In 2021, the European Union imported about 40% of its gas and 25% of its oil from Russia, reports the Associated Press. But now EU officials “are fixated on rapidly reducing the continent’s reliance on Russian oil and natural gas — and that means friction between security and climate goals, at least in the short term.
“To wean itself from Russian energy supplies as quickly as possible, Europe will need to burn more coal and build more pipelines and terminals to import fossil fuels from elsewhere….”
[T]he EU plans to reduce Russian gas imports by two-thirds by the end of this year, and to eliminate them altogether before 2030… In the near-term, ending energy ties with Russia puts the focus on securing alternative sources of fossil fuels. But longer term, the geopolitical and price pressures stoked by Russia’s war in Ukraine may actually accelerate Europe’s transition away from oil, gas and coal. Experts say the war has served as a reminder that renewable energy isn’t just good for the climate, but also for national security. That could help speed up the development of wind and solar power, as well as provide a boost to conservation and energy-efficiency initiatives….
The rapid pursuit of energy independence from Russia will likely require “a slight increase” in carbon emissions, said George Zachmann, an energy expert at the Bruegel think tank in Brussels. But “in the long term, the effect will be that we will see more investment in renewables and energy efficiency in Europe,” Zachmann said.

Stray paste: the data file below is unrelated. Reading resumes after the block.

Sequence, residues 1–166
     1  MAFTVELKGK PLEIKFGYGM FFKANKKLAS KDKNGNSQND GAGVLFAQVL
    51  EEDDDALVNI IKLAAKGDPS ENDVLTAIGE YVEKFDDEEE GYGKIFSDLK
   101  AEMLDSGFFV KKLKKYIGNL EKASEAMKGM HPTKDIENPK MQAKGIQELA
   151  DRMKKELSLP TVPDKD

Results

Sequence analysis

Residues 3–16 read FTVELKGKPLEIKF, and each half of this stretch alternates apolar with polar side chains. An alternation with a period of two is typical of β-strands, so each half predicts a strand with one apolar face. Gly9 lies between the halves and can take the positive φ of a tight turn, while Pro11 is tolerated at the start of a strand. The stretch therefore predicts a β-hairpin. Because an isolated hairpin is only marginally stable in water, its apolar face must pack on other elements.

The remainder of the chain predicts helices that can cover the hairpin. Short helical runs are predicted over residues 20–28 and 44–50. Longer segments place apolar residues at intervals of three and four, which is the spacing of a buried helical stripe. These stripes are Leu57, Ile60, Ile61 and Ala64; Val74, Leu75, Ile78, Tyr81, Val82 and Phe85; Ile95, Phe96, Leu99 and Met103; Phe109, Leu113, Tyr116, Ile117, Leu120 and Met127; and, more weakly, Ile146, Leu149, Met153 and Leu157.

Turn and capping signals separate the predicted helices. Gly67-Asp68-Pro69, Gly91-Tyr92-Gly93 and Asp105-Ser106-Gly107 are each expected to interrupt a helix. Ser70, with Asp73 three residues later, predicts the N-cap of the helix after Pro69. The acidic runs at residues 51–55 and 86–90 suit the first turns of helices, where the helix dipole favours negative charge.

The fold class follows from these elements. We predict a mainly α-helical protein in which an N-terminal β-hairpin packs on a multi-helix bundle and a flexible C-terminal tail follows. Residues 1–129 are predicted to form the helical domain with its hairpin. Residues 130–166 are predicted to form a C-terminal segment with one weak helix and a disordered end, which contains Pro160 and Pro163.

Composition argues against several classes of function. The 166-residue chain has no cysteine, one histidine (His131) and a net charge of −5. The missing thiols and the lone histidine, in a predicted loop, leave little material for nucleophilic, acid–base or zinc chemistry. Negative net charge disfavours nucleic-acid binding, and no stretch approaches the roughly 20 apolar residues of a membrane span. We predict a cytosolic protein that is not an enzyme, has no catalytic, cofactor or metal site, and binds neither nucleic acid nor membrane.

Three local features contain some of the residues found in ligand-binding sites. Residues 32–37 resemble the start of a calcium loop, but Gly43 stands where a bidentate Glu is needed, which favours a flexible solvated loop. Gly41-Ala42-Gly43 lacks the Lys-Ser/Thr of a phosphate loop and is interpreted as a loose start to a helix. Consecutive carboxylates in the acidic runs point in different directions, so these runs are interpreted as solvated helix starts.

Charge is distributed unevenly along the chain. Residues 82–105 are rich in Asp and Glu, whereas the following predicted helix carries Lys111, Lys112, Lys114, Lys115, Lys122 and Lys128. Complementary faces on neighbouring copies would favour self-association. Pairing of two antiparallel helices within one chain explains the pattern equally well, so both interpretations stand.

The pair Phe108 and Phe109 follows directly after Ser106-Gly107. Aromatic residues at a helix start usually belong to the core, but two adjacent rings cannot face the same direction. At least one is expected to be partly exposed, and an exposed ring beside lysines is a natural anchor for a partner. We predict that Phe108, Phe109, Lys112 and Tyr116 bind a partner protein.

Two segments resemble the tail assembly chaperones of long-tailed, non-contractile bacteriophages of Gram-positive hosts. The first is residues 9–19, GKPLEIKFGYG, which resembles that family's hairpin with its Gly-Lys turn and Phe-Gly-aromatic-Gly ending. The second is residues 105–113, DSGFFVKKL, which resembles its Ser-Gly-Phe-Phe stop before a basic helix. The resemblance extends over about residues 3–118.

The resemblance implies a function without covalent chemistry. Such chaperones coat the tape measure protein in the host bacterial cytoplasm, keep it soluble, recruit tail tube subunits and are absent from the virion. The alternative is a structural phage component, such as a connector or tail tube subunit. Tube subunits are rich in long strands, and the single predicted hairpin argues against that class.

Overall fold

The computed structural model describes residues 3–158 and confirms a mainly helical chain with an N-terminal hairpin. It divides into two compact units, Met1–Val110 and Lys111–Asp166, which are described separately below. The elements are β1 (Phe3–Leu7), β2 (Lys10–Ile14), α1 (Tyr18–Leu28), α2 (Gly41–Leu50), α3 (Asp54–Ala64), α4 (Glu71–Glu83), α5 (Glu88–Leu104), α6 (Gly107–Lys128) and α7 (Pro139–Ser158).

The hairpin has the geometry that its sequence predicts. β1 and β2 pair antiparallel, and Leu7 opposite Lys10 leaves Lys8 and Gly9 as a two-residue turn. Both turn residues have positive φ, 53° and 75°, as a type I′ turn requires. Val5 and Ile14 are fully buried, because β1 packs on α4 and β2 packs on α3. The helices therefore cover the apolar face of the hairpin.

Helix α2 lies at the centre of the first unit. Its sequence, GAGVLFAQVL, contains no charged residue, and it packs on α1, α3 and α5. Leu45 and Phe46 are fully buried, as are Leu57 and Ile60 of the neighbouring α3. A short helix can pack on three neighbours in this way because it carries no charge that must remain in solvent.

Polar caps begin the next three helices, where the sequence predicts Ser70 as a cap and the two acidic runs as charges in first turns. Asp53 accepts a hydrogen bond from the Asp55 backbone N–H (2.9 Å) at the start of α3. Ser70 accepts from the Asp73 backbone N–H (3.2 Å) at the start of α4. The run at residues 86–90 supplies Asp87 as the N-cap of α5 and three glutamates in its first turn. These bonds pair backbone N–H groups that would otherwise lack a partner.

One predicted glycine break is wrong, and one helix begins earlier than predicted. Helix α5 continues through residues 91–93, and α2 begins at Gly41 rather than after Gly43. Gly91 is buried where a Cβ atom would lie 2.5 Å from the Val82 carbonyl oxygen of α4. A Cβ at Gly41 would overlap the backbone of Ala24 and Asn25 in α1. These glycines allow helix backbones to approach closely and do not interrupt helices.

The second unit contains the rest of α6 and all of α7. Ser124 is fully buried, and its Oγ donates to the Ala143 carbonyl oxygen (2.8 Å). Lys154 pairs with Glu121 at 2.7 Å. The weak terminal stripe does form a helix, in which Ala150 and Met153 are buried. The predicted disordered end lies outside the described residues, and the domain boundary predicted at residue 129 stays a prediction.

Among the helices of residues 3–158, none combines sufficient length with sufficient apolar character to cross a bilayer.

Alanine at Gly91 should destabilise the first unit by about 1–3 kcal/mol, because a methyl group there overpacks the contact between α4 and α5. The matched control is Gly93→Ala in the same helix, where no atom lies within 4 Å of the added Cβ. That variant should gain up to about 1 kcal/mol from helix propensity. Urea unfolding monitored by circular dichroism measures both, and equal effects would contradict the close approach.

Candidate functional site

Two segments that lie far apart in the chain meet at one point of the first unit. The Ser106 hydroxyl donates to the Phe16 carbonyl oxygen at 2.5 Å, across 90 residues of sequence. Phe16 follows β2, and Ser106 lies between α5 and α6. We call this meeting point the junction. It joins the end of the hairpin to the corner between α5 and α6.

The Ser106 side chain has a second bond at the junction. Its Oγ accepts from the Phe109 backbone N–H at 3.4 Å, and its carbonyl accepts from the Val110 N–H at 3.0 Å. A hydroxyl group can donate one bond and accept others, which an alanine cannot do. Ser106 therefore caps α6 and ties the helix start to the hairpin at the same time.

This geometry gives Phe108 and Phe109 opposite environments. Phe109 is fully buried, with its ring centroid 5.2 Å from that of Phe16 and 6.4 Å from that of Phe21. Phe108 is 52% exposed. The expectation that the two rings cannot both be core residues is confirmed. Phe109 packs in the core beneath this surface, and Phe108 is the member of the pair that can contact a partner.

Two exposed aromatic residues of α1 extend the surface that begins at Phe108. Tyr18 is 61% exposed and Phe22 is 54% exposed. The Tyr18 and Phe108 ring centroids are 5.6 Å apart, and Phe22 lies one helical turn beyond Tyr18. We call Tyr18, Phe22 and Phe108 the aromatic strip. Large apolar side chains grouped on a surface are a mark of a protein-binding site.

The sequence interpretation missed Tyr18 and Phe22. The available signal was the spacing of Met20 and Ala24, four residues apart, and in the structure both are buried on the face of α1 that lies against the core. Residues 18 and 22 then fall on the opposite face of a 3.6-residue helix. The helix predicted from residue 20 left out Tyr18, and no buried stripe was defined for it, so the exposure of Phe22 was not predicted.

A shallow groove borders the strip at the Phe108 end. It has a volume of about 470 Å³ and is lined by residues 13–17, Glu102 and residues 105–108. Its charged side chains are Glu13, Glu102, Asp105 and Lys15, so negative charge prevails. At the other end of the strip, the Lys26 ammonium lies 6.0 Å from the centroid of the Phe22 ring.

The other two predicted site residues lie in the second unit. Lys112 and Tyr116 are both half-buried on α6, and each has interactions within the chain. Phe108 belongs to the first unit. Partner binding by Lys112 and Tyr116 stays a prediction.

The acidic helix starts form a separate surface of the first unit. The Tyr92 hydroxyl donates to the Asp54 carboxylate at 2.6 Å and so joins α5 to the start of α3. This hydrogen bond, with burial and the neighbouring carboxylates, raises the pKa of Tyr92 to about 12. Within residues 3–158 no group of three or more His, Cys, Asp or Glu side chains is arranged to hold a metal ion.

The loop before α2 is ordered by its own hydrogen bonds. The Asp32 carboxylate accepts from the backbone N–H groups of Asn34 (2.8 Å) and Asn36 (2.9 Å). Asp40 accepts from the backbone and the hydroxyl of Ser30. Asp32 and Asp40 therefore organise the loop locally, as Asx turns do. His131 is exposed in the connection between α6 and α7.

Plans that wouldn’t have been contemplated just a few months ago are now being actively discussed, such as running coal plants in Germany beyond 2030, which had previously been seen as an end date. Germany’s vice chancellor and energy minister, Robert Habeck, said there should be “no taboos.” The Czech government has made the same calculation about extending the life of coal power plants. “We will need it until we find alternative sources,” Czech energy security commissioner Václav Bartuska, told the news site Seznam Zprávy. “Until that time, even the greenest government will not phase out coal….”
In Britain, which is no longer part of the EU, Prime Minister Boris Johnson says it’s “time to take back control of our energy supplies.” Britain will phase out the small amount of oil it imports from Russia this year. More significantly, Johnson has signaled plans to approve new oil and gas exploration in the North Sea, to the dismay of environmentalists, who say that is incompatible with Britain’s climate targets. Some within the governing Conservative Party and the wider political right want the British government to retreat on its commitment to reach net zero by 2050, a pledge made less than six months ago at a global climate summit in Glasgow, Scotland….
Yet the shock waves from the war cut both ways. Sharply higher gas and electricity prices, and the desire to be less dependent on Russia, are increasing pressure to expand the development of home-grown renewables and to propel conservation. The International Energy Agency recently released a 10-point plan for Europe to reduce its dependence on Russian gas by a third within a year. Simply lowering building thermostats by an average of one degree Celsius during the home-heating season would save 10 billion cubic meters of natural gas a year, or roughly 6% of what Europe imports from Russia.
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